Most of the argument between participants is based on what they believe to be the truth about anything and everything. Our MSM seems to me to be almost entirely engaged in “controlling the narrative”, ie. directing people to think the way that outlet wants them to think which is very seldom the unadulterated truth.
    Without being able to trust our MSM the alternative media varies in it’s integrity from total honesty with almost no following to wild fantasy and speculation.
    The media has a huge responsibility to democracy and it is failing that responsibility dreadfully.
    There are three main topics we need to all agree on at the moment.
    Is the climate being catastrophically damaged by our CO2 emissions?
    Is covid as deadly as the experimental vaccines ?
    Who is to blame for the war in Ukraine and what should be done about it.?
    The population is divided almost religiously on one or other side of these issues and there is an unending supply of competing “truths” about every aspect of all of them . We have to chose what seems most plausible as no source can be entirely trusted as every source has an adgenda behind it that wants you to believe something rather than to know something.
    Most people unfortunately chose what is most socially comfortable to believe rather than to honestly reason out the most likely truth from the competing points of view.
    If we all had trusted information the human weaknesses of selfishness and egotism would be overwhelmed by our better natural qualities IMHO.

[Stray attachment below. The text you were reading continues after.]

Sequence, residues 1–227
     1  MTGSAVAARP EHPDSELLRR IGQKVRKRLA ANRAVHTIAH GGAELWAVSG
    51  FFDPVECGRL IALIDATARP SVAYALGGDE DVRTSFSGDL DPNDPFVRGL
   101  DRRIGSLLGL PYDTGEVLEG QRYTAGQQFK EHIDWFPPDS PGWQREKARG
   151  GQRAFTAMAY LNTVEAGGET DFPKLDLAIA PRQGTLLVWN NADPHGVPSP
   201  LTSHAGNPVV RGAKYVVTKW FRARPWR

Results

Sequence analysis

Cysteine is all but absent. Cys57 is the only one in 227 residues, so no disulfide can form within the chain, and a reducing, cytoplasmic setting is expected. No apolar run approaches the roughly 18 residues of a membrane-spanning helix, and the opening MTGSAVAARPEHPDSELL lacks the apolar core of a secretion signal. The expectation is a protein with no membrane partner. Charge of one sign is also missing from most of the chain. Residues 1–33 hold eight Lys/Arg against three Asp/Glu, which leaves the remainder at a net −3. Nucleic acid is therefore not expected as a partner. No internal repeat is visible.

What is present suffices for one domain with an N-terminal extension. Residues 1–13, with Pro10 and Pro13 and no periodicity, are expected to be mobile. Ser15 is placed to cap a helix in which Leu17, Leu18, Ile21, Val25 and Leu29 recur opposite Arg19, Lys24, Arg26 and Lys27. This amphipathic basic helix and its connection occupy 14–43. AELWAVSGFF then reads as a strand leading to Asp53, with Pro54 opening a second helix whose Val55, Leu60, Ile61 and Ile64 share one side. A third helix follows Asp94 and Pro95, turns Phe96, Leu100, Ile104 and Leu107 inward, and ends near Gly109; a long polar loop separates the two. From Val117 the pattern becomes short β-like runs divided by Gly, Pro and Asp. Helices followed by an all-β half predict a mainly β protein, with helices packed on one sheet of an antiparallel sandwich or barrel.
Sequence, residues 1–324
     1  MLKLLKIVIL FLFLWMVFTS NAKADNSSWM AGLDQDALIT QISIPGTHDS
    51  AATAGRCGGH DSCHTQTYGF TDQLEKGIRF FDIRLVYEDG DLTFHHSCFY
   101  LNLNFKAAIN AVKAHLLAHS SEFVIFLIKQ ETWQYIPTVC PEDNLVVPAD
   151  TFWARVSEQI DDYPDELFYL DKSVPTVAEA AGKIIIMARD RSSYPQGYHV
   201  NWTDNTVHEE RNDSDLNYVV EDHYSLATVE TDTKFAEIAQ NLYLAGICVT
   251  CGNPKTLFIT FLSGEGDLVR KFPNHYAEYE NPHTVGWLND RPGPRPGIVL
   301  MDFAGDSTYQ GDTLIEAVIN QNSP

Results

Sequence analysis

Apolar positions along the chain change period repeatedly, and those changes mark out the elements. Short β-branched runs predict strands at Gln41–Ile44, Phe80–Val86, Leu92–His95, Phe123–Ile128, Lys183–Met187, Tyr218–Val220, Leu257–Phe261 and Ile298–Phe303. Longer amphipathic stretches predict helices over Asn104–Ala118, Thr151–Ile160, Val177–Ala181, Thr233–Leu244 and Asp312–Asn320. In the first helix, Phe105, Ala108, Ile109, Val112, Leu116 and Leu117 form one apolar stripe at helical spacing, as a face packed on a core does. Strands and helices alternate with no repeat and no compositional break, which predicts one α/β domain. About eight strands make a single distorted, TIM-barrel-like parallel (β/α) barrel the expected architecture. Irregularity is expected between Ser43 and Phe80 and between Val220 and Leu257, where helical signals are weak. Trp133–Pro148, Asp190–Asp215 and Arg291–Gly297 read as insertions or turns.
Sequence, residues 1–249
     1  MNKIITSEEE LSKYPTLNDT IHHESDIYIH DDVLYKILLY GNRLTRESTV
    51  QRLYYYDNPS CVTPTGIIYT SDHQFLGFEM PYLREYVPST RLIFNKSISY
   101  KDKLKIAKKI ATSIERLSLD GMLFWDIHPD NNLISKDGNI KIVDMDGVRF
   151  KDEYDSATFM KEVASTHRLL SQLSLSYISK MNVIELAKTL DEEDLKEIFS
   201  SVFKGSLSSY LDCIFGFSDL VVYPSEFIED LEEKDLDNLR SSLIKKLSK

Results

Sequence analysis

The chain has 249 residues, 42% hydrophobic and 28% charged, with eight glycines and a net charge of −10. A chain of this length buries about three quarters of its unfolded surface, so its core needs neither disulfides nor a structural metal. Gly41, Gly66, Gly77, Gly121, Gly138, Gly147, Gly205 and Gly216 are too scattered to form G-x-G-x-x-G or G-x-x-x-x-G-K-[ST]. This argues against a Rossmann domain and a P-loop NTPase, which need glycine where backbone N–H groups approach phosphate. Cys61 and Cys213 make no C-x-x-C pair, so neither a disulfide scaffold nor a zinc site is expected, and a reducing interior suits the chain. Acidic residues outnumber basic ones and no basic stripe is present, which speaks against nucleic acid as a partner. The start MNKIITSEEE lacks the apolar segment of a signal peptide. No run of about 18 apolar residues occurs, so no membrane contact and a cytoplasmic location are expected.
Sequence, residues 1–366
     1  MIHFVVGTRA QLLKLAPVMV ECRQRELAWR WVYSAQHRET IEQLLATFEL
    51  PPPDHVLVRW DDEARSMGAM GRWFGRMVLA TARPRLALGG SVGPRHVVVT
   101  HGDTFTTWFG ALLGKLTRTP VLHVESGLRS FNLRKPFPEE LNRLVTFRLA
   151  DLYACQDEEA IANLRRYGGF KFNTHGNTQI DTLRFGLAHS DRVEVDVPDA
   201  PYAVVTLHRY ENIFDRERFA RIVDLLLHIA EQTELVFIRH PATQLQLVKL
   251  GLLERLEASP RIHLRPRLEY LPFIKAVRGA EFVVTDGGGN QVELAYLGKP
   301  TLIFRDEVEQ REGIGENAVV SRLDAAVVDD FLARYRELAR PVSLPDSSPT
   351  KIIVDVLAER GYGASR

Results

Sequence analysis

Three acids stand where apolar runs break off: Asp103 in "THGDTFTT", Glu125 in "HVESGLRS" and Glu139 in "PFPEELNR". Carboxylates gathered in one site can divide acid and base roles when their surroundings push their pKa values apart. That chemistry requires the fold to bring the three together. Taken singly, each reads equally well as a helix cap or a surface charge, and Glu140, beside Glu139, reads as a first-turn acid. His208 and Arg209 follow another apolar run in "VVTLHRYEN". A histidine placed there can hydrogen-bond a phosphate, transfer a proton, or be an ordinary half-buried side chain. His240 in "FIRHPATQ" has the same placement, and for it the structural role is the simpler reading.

Happy Easter folks
    D J S

    • “There are three main topics we need to all agree on at the moment.
      Is the climate being catastrophically damaged by our CO2 emissions?
      Is covid as deadly as the experimental vaccines ?
      Who is to blame for the war in Ukraine and what should be done about it.?”

      And that’s the paragraph in which you removed all your clothes.

      • If you have just divined my position on these topics from the above then TDB’s censorship has been more comprehensive than I had imagined.
        D J S

  14. No you all can’t be trusted you need experts to do the thinking and deciding for ya’ll.. And they’ll charge you heaps for it

  15. Very insightful Chris. It is interesting that there is still a lack of trust between the people and the respective governments. Had there been more trust, though, Donald Trump may still be the President of the United States of America.